Updated on 11.12.06

Setting and Meeting Daily Personal Financial Goals

Trent Hamm

Ever since I was young, I have had a number of daily goals for myself. Most of them seem rather mundane: commit a random act of kindness, read for at least half an hour, brush my teeth and use Listerine twice, and so on. Most of them have a clear metric for success. However, since I’ve begun to turn my finances around, I’ve added several daily goals to my plate that directly relate to finance. Here are these goals, along with my metric for determining daily success.

Every day, I want to learn something new and useful about managing my finances. Since most days I don’t have time to read the Wall Street Journal or anything like that, this goal simply helps me keep my eye on the ball in terms of being vigilant about my money and my financial knowledge. My metric is simple; I look at my idea diary and see if I have added anything new.

I also try to avoid five temptations to spend money. In our consumerist society, I’m almost constantly bombarded with temptations to spend money, even small amounts of it. If I get the urge to go to the vending machine and resist it, I count that. If I want to go out to eat, but instead make a meal at home, I count that. If I consider renting a movie, but instead find something on basic cable to watch, another checkmark. You get the idea. I try to keep track of these in my memory and sometimes in my idea diary, but mostly my metric is a simple count in my head.

My third daily goal is to take two steps towards improving a secondary revenue stream. Things that I do to help this along are: look for massive bargains, check my consulting flyers on public bulletin boards, collect any coupons I find for trading (I’ve become an active coupon trader and I often get fat envelopes in the mail full of coupons relevant to me), list items on eBay, look for writing markets, and so forth. Each activity helps to improve a secondary revenue stream, which means that if I decide to make some life changes, I will have some avenues to continue to earn money as I make changes. Again, I just keep track of anything that I do that would improve my revenue streams.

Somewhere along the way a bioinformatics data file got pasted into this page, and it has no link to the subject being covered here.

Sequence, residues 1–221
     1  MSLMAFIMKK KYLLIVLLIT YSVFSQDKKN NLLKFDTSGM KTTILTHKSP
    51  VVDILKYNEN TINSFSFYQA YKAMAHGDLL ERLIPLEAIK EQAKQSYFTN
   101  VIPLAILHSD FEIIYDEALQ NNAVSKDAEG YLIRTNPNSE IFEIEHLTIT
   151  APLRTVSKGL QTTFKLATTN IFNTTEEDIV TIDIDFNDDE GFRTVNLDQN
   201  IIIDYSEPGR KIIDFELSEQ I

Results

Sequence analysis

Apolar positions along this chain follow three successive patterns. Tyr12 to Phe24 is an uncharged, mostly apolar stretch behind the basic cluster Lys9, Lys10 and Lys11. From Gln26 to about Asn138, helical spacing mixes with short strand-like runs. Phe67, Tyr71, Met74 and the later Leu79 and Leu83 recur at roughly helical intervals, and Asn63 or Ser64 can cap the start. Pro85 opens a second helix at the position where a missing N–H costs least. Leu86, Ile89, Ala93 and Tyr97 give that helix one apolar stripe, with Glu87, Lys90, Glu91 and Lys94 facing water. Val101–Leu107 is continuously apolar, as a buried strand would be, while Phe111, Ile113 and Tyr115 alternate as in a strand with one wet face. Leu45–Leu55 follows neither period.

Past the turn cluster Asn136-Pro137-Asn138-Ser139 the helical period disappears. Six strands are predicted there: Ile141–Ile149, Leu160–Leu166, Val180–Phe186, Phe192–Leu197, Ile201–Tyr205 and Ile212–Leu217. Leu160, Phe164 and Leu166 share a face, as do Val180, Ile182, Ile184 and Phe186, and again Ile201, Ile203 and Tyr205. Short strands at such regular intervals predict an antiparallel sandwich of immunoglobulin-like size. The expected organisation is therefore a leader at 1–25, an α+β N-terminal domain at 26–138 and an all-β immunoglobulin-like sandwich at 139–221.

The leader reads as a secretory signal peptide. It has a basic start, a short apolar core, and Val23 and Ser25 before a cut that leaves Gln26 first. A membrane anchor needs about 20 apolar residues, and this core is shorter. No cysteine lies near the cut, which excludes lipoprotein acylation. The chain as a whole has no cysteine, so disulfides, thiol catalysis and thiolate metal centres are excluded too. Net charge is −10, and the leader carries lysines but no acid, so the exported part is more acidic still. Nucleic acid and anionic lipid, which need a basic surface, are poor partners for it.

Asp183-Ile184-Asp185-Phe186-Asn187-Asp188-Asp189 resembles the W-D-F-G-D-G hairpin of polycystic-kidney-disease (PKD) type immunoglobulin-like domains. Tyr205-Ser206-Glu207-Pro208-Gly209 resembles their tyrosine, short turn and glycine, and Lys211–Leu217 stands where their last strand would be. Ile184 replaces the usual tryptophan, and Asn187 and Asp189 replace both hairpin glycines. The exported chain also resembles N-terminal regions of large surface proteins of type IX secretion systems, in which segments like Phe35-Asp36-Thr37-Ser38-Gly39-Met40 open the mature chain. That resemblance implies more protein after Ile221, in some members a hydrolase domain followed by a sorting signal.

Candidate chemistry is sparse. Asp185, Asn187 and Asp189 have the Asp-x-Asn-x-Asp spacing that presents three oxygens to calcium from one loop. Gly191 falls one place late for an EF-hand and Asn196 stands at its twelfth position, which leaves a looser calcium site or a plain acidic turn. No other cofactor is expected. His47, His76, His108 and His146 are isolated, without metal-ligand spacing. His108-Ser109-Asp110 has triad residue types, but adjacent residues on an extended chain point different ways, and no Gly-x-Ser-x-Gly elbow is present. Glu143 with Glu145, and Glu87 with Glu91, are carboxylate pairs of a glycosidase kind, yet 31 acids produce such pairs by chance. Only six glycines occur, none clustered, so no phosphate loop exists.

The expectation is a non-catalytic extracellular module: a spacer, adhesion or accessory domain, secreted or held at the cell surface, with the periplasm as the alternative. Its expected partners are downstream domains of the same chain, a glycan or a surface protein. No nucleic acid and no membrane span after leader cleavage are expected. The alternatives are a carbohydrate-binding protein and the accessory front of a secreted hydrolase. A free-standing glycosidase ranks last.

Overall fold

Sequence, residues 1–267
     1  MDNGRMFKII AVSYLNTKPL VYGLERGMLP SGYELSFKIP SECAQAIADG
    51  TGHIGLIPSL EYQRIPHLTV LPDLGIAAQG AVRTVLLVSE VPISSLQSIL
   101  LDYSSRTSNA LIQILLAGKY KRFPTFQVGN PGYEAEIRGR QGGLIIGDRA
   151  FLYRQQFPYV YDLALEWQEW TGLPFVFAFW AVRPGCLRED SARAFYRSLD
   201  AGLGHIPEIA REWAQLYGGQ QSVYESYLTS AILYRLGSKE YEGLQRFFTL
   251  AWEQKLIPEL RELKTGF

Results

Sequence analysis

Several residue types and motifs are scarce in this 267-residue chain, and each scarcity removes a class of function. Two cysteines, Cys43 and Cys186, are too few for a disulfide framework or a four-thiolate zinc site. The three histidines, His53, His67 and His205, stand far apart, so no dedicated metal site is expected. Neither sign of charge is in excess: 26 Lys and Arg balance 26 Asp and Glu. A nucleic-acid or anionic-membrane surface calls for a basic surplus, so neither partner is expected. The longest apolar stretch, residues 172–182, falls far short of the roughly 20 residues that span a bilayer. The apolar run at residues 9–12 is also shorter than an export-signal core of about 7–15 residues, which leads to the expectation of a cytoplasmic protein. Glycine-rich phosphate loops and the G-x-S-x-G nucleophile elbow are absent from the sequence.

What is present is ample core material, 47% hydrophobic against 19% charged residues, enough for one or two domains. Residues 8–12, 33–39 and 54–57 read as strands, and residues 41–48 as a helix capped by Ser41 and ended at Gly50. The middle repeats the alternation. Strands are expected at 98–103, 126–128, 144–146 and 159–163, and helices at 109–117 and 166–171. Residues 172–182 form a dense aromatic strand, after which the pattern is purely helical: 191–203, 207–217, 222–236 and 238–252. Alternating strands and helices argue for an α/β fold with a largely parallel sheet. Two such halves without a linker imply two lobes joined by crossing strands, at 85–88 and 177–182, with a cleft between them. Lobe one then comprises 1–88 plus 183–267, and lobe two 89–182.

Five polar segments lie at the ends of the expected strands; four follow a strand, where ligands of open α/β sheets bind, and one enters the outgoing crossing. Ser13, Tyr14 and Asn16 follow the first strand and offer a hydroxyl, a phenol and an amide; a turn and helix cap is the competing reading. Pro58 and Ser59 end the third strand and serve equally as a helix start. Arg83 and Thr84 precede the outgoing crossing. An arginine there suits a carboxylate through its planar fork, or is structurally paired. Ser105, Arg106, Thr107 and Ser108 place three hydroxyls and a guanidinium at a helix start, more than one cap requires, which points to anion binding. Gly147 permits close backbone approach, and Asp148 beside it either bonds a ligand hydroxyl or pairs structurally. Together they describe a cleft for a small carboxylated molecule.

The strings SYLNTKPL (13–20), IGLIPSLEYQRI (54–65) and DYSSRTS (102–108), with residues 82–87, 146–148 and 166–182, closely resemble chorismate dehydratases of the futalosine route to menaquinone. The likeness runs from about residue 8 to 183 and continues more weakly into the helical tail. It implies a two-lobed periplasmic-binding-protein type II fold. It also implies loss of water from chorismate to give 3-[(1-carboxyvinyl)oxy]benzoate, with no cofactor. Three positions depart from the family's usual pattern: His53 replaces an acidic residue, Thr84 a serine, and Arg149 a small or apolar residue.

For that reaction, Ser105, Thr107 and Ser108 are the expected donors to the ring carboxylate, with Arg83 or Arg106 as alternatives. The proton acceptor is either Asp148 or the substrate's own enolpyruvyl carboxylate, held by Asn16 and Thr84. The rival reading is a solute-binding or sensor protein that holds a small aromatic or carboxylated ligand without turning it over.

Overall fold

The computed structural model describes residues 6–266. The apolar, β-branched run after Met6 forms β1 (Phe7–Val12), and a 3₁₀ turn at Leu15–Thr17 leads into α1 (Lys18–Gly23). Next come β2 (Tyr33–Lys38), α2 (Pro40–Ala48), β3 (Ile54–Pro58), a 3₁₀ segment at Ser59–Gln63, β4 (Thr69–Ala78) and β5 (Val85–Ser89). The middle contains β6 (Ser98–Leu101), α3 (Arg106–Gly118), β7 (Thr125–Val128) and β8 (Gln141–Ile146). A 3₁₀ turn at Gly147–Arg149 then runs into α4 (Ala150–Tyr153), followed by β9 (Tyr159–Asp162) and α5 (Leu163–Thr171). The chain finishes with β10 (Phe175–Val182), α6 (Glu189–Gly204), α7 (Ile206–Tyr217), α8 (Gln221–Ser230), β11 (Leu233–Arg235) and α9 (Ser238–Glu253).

Although this final goal isn’t financial, it does relate. I want The Simple Dollar to get more visitors today than it did one week ago. What does that mean? It means I try to continually write good posts here, participate in the blog community, and find new ways to let people know about the site. It pushes me to work on the site some every day. For this, my obvious metric is site statistics: did the visitors for today exceed the visitors for one week ago?

Each day, I wake up with the belief that I’m taking another step towards my dreams for the future. Each of these goals and metrics shows me that I’m making progress in that direction.

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  1. dimes says:

    BUY A TIVO. (Seriously, don’t resist this temptation, either a TiVo or another DVR.) Once you use it, you’ll have more time and you’ll manage to save yourself from being bombarded with so much advertising. I rarely watch anything that hasn’t been TiVoed anymore. In an hourlong program, it saves you 15 minutes of commercials, and in sports presentations it saves so much more. I’m so rarely tempted to buy stuff or go to movies, and I don’t have to schedule my life around CSI or whatever.

  2. Trent Hamm Trent says:

    That’s great advice if you watch television, but we watch virtually no television anymore outside of our Lost obsession and some PBS programs.

  3. dimes says:

    Ah ok, well if the boy gets bigger and he starts watching TV, either get a TiVo then or stick to the channels with minimal commercials. Otherwise you’ll constantly be telling him no no no no no!

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